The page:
What has been the biggest challenge your business has faced?
It’s a universal challenge – I won’t be the first to say it, I won’t be the last – it’s cashflow.
What do you think the biggest challenge to businesses in Ireland is at the moment?
It’s cashflow again. It’s the lifeblood of any business. Getting new clients, getting yourself out there – marketing. That’s a challenge, especially when you don’t have a marketing background.
What part of running a business comes to you naturally?
The gift of the gab, chatting with customers.
What has been the best reward in running your own business?
It’s not monetary, it’s more to do with freedom: the ability to choose and to steer it the way you want to steer it and not to have to “kowtow”.
What was the main catalyst for growth?
What changed our business was the recession. A lot of the big companies had folded and there were clients looking for somebody to take care of their service – first and foremost that’s what we do, we have a name for it – so they came to us. The business grew from that, we were able to facilitate them. Going back to Hector Grey, getting the agency for American Range made my purchasing power or my ability to sell better, as I was getting equipment at the right price directly from the manufacturer.
How did you scale/grow your business?
Stepping up my ability to purchase at the right price.
How do you get ideas to further your business?
I get them from all around me. I watch other businesses – not just in Ireland. When I go to America – I think they are the forerunners in business – I watch them and I do what Richard Branson does: I copy them.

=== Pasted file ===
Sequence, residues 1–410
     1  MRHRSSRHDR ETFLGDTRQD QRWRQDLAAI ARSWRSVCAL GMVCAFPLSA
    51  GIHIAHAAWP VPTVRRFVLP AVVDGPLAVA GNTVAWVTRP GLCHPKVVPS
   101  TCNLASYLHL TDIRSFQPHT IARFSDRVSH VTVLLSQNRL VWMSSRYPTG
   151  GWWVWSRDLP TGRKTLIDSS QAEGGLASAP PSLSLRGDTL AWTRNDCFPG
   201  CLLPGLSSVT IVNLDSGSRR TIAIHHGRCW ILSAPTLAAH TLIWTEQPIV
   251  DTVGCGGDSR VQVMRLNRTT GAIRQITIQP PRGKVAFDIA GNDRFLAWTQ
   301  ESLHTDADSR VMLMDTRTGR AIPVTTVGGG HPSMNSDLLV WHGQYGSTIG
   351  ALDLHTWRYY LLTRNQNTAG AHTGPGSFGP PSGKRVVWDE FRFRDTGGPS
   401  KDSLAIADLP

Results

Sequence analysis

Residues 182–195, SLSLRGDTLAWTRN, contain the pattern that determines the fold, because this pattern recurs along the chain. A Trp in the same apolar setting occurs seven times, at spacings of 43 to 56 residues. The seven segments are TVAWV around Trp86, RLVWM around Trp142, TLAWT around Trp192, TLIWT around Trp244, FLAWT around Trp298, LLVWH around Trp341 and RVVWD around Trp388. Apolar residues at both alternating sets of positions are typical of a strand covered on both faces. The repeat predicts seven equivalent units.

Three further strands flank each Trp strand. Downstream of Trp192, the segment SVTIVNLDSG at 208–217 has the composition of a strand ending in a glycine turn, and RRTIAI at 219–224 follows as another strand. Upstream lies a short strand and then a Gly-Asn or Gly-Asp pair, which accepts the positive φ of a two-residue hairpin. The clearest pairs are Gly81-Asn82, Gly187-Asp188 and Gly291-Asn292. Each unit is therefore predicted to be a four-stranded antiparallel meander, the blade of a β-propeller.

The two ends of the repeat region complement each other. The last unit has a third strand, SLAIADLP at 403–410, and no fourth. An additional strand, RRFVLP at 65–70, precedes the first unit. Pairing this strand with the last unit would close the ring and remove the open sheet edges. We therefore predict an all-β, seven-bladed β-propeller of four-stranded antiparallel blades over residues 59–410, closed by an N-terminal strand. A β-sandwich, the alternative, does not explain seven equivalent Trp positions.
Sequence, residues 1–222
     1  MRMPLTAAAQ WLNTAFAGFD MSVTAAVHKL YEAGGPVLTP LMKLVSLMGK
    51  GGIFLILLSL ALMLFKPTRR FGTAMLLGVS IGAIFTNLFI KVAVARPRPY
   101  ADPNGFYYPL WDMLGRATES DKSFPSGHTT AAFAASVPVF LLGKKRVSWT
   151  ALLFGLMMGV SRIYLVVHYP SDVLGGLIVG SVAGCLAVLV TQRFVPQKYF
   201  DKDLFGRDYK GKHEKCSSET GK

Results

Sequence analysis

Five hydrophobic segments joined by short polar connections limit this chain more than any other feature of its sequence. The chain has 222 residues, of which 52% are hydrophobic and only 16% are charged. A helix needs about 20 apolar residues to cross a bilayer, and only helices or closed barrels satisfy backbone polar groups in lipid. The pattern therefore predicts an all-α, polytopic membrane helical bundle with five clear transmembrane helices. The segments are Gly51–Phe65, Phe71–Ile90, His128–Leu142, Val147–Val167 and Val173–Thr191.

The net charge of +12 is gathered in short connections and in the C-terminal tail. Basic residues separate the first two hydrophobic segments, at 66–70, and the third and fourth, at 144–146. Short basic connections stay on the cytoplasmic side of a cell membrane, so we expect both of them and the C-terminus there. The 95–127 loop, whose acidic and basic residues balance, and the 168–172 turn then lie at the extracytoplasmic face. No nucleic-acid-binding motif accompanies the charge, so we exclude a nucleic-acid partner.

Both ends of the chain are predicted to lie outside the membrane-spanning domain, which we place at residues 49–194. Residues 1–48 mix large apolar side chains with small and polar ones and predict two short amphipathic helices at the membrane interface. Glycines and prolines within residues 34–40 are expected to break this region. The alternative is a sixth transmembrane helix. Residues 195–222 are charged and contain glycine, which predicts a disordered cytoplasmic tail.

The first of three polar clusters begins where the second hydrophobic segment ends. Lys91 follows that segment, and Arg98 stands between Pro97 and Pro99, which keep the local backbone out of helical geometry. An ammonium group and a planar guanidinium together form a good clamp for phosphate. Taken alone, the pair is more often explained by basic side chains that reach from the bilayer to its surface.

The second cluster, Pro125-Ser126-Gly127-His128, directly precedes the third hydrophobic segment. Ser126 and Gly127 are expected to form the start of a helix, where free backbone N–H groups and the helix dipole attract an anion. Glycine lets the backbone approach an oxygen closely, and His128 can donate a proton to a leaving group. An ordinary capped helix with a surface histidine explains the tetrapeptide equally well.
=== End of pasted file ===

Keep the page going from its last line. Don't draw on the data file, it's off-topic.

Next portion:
What motivates you to stay running a business?
I just love it.
What’s your vision for the future?
I want to grow the business a little bit more – I don’t want it to be huge. I have three young sons, so hopefully one of them will go “I want to get into that, Dad”. I want it to be a generational company. I see the company going on for a long time.
What obstacles to growth have you faced in the past?
I could go back to cashflow but, if you want to take money out of it, the real obstacle is yourself – if you doubt yourself and say you can’t do something, you’re not going to do it.
Do you have a mentor; do you find this has positively impacted on your success?
I was very lucky to have two or three good mentors in my life and I did listen to them – life friends much older than me; some in business and some not. They taught me a lot.
What’s the best business advice you’ve received?
Always watch your back door. It’s down to being hands-on. You want to see how the goods are going out. The first person who sees the goods is the customer, so you want to be in control of it.
What’s your favourite motivational business quote?
You get what you negotiate, not what you deserve.
What would be your advice to businesses starting out?
Put your head down and work hard. If they’re inclined to go into business, they’re probably that sort of a person anyway. I would definitely talk to older people who have been in business for a time. All of this has been learnt over 13 years of being in business, and we’ve made lots of mistakes – but you learn from your mistakes. So a mentor programme would be good for somebody.
What, if anything, would you do differently?
I would delegate faster. It took me years to delegate. Most people who get into business are control freaks anyway. Ten people can do the job as well as you – if not better.
Please be aware that all of the views expressed in this Blog are purely the personal views of the authors and commentators (including those working for AIB as members of the AIB website team or in any other capacity) and are based on their personal experiences and knowledge at the time of writing.